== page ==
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2015 Bookseller Resource Guide

Red Morocco and Maine on Vellum

Colonial Massachusetts, Modern Maine

Manuscript maps of colonial Massachusetts, £84,000 ($137,760) and £60,000 ($98,400) at Bonhams of London on June 7.

A colonial-era vellum map of lakes and rivers in Maine once owned by Sir Francis Bernard. Courtesy of Bonhams.

Two of five such map lots sold for close on half a million dollars in London by a direct descendant of Sir Francis Bernard, the last properly appointed royal governor of Massachusetts.

The untitled but very detailed vellum map of the river and lake system from Penobscot and Passamaquoddy Bays in the south and east to the Chaudière River, the St. Lawrence, and Quebec in the northwest is centered by Moose Lake, but Native American names for mountains, rivers, and smaller lakes are rendered in what the cataloguer describes as “challenging transliterations.”

Bernard himself held something in the region of thirty thousand acres in the Penobscot Bay area, much of it now part of the Acadia National Park, and an old label attached to this map describes it as a map of his “American Estate & the Adjoining Country.”

Manuscript map of Mount Desert Island, off the Maine coast. Courtesy of Bonhams.

One of the three lots bought by US dealer Graham Arader comprised two working manuscript maps on paper (one shown here) of the first English settlement of townships on Mount Desert Island, off what is now the Maine coast. Bernard did not routinely join his surveyors in their work, but this trip had a special purpose—to exert some control over settlers—and The Papers of Francis Bernard (Colonial Society of Massachusetts, 2007) prints a journal that Bernard kept during a 1762 voyage from Boston to Mount Desert Island in the sloop Massachusetts.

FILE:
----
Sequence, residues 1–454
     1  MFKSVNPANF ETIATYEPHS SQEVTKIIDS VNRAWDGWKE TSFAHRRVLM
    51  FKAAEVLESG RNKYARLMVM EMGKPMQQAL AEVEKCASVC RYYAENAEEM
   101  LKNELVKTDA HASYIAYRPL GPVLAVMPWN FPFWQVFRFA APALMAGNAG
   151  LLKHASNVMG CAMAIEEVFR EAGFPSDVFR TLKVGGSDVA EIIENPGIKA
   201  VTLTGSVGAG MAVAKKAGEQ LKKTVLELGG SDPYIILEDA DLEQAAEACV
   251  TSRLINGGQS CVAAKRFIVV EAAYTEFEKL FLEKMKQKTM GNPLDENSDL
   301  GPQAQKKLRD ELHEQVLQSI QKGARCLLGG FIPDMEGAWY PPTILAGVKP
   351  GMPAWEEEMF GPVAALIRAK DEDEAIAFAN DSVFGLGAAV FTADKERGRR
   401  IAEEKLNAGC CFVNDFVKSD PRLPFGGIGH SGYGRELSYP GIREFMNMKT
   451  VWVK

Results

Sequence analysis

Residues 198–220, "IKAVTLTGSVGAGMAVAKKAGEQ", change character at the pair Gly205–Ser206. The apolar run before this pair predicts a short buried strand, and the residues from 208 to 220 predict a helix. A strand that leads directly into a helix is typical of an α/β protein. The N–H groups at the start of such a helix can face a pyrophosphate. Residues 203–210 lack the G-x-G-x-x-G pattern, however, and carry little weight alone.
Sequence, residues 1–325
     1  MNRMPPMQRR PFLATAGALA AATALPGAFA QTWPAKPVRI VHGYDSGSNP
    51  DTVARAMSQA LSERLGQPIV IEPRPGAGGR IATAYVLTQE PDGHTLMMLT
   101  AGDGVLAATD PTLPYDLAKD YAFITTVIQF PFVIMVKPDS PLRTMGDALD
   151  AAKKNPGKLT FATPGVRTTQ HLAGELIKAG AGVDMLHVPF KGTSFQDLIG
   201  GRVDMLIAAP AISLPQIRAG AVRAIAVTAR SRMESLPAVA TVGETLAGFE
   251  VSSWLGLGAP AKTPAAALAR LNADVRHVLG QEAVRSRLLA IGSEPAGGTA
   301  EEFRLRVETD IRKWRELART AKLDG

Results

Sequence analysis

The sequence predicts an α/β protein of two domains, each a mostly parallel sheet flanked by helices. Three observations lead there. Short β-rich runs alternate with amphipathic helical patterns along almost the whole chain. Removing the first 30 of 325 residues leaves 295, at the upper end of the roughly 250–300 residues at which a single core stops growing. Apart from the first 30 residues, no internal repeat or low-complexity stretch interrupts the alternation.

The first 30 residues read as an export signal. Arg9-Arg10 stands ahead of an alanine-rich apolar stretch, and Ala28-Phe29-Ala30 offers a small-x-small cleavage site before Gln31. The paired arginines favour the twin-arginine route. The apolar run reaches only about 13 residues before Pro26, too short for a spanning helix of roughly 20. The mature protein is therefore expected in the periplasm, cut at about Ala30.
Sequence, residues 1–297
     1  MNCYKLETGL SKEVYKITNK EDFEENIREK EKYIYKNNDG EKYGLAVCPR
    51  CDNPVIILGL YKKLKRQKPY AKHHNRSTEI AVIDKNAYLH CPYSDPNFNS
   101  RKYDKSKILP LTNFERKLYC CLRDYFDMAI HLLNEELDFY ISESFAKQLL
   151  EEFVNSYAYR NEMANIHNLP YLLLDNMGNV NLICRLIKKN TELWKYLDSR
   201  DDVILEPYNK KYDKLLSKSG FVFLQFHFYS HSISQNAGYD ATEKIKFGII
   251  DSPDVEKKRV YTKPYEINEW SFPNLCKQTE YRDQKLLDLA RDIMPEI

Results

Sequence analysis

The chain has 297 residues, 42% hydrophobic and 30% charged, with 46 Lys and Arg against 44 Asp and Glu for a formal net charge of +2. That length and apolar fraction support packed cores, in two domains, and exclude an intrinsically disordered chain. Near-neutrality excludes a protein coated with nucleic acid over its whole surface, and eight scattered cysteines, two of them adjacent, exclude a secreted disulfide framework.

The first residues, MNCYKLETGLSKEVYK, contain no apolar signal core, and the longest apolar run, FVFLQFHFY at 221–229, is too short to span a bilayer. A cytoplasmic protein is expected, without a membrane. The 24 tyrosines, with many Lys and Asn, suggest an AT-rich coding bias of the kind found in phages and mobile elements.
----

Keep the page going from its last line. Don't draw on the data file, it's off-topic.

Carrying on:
In one entry he describes finding a settlement at the head of what is now Somes Sound: “We went on shore & into Solmes’s log-house, found it neat and convenient, tho’ not quite finished, & in it a notable Woman with 4 pretty girls clean and orderly. Near it were many fish flakes with a great quantity of fish drying there. From thence We went to a Bever pond, where We had an opportunity to observe the artificialness of their dams & their manner of Cutting down trees to make them. We returned to our sloop about 4 o’clock … Gunners brought in plenty of Ducks & partridge.”

He continues, “I find myself obliged to enter into Conditional contracts with proposed Settlers, to put a stop to the depredation of others, & to engage in several Articles of Expence in the same manner as if my title was absolute. In short I am obliged to enter into possession of the Island as the positive owner thereof, or also must see it overrun by Numberless people without any title at all to possession.”

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